Political Leader Harold Lovell has confirmed that police have re-filed charges against him and two other former United Progressive Party (UPP) Cabinet ministers — Wilmoth Daniel and Dr Jacqui Quinn — in relation to buses that were donated to the Government of Antigua during their tenure under the UPP administration.
The decision comes more than two years after Magistrate Conliffe Clarke dismissed the case against the trio, saying that, “the evidence was scant to say the least”.
The former MPs are facing criminal charges of corruption, fraud, larceny and embezzlement in relation to three Daewoo buses worth more than $600,000 that had been donated to the former UPP administration by the government of South Korea.
It is alleged that the trio converted the buses for their personal use and had them registered at the Antigua and Barbuda Transport Board in their names while they were in public office.
However, the accused have always maintained their innocence.
A month after the case had been dismissed in the St. John’s Magistrate’s Court in 2017, an appeal was filed by the Director of Public Prosecutions (DPP) Anthony Armstrong and made public in a statement from the Ministry of Legal Affairs.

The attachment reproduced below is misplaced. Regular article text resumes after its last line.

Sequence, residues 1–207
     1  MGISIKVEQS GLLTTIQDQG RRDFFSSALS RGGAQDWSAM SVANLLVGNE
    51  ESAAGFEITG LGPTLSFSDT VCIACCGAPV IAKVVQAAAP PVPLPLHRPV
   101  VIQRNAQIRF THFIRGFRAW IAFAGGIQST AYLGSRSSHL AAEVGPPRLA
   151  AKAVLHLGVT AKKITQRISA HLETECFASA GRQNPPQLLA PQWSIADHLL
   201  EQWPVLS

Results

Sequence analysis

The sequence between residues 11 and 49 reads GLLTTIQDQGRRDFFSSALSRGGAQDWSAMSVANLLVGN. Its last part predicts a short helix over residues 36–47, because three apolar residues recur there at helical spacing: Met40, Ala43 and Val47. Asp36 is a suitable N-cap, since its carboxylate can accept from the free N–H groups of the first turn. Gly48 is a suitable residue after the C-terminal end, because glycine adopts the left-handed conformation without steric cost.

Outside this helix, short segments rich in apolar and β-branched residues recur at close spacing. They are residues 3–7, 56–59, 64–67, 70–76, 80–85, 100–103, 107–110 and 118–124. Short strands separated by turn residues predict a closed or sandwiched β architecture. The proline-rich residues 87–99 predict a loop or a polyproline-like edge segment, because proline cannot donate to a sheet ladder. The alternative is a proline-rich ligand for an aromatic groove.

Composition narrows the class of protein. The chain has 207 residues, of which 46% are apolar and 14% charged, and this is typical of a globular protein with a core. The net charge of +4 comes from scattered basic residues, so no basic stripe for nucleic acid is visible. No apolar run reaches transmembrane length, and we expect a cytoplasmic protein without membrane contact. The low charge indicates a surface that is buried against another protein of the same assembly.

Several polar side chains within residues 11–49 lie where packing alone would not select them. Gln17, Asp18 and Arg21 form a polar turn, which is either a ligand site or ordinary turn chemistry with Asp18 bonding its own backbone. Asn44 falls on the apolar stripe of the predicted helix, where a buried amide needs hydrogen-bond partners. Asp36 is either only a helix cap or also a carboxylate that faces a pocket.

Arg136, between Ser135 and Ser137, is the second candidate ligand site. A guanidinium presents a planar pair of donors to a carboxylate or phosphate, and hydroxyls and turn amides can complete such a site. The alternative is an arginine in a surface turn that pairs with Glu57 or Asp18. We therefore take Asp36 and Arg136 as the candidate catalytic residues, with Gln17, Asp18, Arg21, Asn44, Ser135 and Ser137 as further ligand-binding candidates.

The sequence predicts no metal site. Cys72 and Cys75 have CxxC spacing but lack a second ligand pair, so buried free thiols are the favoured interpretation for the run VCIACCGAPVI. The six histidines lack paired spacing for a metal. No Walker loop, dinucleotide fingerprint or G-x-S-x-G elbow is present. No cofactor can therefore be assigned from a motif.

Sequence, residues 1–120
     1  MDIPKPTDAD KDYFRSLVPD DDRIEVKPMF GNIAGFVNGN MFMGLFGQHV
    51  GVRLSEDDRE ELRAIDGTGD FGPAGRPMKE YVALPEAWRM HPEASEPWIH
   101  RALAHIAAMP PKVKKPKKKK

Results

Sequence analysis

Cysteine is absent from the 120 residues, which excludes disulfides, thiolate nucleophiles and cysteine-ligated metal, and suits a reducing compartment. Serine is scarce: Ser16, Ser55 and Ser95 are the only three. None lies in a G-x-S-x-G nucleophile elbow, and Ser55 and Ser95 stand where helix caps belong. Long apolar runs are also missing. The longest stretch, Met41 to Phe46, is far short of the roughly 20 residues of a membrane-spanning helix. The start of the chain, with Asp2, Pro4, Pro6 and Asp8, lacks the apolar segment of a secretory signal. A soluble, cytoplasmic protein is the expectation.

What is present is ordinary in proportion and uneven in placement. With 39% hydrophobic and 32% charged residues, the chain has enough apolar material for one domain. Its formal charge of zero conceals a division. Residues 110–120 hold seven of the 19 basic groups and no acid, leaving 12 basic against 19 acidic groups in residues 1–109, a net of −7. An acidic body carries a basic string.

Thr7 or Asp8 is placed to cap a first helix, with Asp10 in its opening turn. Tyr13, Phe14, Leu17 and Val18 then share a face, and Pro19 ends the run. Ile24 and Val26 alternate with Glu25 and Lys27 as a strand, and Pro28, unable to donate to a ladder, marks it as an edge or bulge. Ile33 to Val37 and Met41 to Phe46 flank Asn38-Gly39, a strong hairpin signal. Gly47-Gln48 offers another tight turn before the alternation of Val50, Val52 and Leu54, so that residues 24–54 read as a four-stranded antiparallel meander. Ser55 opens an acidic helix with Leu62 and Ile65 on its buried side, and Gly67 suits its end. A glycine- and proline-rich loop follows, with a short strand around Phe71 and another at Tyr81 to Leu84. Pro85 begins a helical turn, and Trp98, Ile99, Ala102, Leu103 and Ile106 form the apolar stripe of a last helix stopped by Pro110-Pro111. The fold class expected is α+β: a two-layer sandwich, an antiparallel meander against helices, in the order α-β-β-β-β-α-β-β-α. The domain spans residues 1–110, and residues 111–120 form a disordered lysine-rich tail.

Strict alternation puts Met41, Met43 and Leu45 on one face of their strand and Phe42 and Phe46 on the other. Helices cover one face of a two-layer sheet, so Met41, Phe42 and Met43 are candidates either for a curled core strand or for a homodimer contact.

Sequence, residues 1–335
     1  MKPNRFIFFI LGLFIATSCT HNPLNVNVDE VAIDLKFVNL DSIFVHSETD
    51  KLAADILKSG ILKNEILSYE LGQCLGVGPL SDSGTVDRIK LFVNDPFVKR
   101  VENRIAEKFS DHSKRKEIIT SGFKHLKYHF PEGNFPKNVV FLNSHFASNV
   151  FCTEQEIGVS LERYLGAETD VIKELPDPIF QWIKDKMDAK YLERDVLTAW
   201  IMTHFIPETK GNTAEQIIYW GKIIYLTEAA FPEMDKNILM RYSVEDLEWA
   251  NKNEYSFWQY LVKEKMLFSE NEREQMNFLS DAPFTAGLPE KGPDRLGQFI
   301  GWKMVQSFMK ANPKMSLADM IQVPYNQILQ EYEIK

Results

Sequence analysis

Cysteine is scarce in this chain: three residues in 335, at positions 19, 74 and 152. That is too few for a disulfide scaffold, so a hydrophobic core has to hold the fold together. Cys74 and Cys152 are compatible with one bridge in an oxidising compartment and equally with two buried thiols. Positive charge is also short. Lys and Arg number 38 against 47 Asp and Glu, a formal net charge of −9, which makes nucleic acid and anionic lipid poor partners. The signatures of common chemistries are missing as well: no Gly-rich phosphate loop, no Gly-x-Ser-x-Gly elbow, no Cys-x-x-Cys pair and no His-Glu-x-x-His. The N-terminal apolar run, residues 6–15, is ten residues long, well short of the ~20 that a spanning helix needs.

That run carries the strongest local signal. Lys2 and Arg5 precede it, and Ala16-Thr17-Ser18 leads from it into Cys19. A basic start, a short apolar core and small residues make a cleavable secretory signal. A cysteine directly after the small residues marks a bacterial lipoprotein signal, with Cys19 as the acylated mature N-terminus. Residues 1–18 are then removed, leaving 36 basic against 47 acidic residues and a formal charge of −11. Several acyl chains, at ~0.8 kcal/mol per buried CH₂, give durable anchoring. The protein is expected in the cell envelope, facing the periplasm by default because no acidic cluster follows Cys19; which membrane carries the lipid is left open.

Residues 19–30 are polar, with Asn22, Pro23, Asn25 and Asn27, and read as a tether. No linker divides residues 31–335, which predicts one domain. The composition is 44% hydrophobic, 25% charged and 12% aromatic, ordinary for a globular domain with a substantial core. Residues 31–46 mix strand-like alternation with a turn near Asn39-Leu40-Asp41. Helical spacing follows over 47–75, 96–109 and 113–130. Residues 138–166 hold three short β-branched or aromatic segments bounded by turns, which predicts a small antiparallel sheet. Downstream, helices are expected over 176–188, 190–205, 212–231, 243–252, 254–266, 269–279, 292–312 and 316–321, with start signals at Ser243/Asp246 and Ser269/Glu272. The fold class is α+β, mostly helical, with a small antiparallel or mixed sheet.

And in June of 2019, the DPP won the appeal and as such the Court of Appeal sent back the criminal matter for committal proceedings before a magistrate.
The Justices of Appeal who heard the matter at the time agreed with the DPP that the magistrate did not apply the correct test to determine whether there was a case to answer.
The judges noted that Magistrate Clarke applied the “Galbraith test” instead of the test set out in the Magistrates’ Code of Procedure Act, which speaks to whether the evidence establishes or likely establishes the charge.
The judges said the test which the magistrate used was not applicable at the level of committal to send a case to the High Court for trial.